CDC Slams Opioid Use for Chronic Pain in New Guidelines

My experience with opioid pain killers (Vicodin, oxycontin, etc.) and chronic pain

  • They've been very helpful

    Votes: 20 46.5%
  • They've been moderately helpful;

    Votes: 11 25.6%
  • They haven't had much effect

    Votes: 1 2.3%
  • They have been moderately harmful

    Votes: 2 4.7%
  • They've been very harmful

    Votes: 2 4.7%
  • I've found that other drugs work better at reducing my pain

    Votes: 7 16.3%
  • I do take drugs for pain but have never tried opioid pain killers

    Votes: 5 11.6%

  • Total voters
    43

Cort

Founder of Health Rising and Phoenix Rising
Staff member
The new CDC Guideline for Prescribing Opioids for Chronic Pain came down strongly against the use of opioids for chronic pain. If you're taking opioid pain killers such as such as Vicodin, hydrocodone and oxycontin expect things at the doctor's office to tighten up further. The report was squarely aimed at the primary care providers who prescribe most of these drugs.

The head of the CDC, Thomas Frieden stated that in most cases the risks of opioid use outweigh the benefits and that doctor's are largely to blame for what he called the "the prescription overdose epidemic"

"The prescription overdose epidemic is doctor-driven" Frieden said. Recognizing that primary care physicians simply don't feel confident in their ability to prescribe opioid pain drugs correctly, the CDC focused its guidelines on them. The guidelines apply to anyone experiencing chronic pain after more than three months.

Significant Health Concern

[fright]
bigstock-Pain-12250472.jpg
[/fright]The CDC reported that nearly two million Americans are either dependent on or are abusing prescription opioid pain relievers

The CDC estimates that 10 million Americans spend 9 billion dollars a year on opioid pain relievers, that about forty people die every day from prescription drug "abuse" - most of it unintentional, and that over 400,000 people visit emergency room because of prescription opioid drug overdoses.

"We know of no other medication routinely used for a nonfatal condition that kills patients so frequently," said CDC director Thomas Frieden. "We hope to see fewer deaths from opiates. That's the bottom line. These are really dangerous medications that carry the risk of addiction and death."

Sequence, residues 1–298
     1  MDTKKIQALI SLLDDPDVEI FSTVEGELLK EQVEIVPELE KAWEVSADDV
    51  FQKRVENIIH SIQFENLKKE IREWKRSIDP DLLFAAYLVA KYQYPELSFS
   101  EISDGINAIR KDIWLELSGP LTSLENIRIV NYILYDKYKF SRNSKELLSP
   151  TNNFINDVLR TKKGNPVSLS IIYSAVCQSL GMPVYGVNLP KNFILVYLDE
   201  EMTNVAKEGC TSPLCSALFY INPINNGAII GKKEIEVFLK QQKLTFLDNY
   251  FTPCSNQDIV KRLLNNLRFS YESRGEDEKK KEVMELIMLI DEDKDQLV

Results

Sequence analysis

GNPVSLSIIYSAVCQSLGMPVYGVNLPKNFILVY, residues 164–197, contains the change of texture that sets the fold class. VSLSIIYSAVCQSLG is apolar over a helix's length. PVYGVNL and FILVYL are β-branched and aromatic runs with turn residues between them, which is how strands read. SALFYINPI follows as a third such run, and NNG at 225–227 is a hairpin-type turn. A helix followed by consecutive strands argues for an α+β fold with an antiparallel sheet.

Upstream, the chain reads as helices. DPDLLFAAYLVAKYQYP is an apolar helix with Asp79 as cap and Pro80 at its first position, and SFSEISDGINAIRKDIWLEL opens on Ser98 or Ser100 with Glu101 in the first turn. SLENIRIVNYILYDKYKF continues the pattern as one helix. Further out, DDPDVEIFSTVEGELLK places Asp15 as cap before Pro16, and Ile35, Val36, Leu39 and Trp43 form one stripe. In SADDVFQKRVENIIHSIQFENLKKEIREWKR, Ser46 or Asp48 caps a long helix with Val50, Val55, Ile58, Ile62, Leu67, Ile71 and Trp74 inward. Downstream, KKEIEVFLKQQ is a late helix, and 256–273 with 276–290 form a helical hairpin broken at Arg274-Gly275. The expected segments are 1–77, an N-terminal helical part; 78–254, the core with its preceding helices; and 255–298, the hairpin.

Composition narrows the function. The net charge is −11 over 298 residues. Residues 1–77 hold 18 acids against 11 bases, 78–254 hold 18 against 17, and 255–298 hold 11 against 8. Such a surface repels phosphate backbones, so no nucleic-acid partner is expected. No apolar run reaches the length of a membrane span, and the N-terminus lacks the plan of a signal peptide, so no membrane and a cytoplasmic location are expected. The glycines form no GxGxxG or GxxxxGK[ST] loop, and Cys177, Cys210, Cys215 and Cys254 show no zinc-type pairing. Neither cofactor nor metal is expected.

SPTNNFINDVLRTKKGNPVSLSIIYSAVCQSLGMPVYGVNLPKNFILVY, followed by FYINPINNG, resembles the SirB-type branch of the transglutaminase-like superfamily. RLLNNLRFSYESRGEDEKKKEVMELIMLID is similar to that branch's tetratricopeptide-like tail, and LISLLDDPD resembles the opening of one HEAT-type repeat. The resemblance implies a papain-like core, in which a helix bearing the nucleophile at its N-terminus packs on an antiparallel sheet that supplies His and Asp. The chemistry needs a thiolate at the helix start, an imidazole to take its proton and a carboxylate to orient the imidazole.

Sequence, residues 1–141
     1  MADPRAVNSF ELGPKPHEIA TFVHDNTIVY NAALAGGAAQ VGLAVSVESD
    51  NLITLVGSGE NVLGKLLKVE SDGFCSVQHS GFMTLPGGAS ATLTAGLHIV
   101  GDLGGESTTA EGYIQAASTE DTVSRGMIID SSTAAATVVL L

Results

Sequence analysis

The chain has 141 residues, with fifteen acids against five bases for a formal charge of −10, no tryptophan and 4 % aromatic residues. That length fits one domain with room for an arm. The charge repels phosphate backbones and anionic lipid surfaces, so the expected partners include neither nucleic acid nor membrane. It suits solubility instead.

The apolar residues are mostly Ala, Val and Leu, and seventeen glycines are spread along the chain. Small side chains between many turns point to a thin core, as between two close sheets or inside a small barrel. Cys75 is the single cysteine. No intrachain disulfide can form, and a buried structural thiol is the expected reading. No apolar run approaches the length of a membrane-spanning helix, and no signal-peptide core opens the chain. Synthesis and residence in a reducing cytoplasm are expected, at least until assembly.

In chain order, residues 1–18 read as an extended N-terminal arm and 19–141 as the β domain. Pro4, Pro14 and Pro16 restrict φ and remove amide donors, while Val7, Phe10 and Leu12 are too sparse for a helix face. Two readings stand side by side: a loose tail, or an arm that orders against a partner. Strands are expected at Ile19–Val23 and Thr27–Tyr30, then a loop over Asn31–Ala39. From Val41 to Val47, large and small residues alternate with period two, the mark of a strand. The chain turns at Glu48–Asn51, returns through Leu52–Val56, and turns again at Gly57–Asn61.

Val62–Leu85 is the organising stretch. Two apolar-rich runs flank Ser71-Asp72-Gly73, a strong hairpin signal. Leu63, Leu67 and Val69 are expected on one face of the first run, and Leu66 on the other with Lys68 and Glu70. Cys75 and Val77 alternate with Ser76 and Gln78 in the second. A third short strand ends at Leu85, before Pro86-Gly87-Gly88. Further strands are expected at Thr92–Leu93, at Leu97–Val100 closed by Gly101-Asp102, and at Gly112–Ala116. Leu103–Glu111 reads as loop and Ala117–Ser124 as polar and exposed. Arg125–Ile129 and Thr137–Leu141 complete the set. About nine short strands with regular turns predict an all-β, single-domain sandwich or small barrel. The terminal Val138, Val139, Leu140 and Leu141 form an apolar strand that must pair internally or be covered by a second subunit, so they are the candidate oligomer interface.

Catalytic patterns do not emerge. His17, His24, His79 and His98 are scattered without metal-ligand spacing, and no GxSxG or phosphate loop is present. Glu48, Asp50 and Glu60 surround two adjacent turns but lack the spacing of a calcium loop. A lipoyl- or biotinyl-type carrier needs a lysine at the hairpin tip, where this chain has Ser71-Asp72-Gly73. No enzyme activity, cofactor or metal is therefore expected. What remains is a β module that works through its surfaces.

He said that many opiate pain-killers are as addictive as heroin and do little to control chronic pain.

The American College of Physicians largely agreed with the CDC effort stating that "many communities are being devastated by the adverse impact of opioid misuse." The problem is more complicated than taking too many painkillers. Patients who get hooked in opioid pain killers can go on to develop other dependencies.

The CDC did not state that opioids did not have some role in managing chronic pain. It's clear that opioids can cause many problems but surprisingly little study evidence addresses how effective opioids actually are at managing chronic pain.

Huge Research Hole

Given the size of the problem it's incredible, however, how little research has been done. The CDC acknowledged that few good studies have assessed how effective opioids actually are treating long term pain.
Few studies have been conducted to rigorously assess the long-term benefits of opioids for chronic pain (pain lasting >3 months) with outcomes examined at least 1 year later (14)
The report also acknowledged that their recommendations are not based on strong studies. An AHRQ report found most opioid studies to be of low quality.
In summary, evidence on long-term opioid therapy for chronic pain outside of end-of-life care remains limited, with insufficient evidence to determine long-term benefits versus no opioid therapy, though evidence suggests risk for serious harms that appears to be dose-dependent.
How insufficient is the evidence base? The CDC stated that not one study has compared the benefits and harms of long term opioid use to other pain treatment options.
"No study of opioid therapy versus placebo, no opioid therapy, or nonopioid therapy for chronic pain evaluated long-term (≥1 year) outcomes related to pain, function, or quality of life."
[fleft]
Drugs-cfs.jpg
[/fleft]The effects and benefits of long term opioid use is another major health issue that has mostly slipped between the cracks. It may be that the field has been ceded to the drug companies who have little incentive to fund studies that might show their products don't work very well long term. It's completely baffling sometimes how the NIH - tasked with improving the health of Americans - allocates its funding dollars.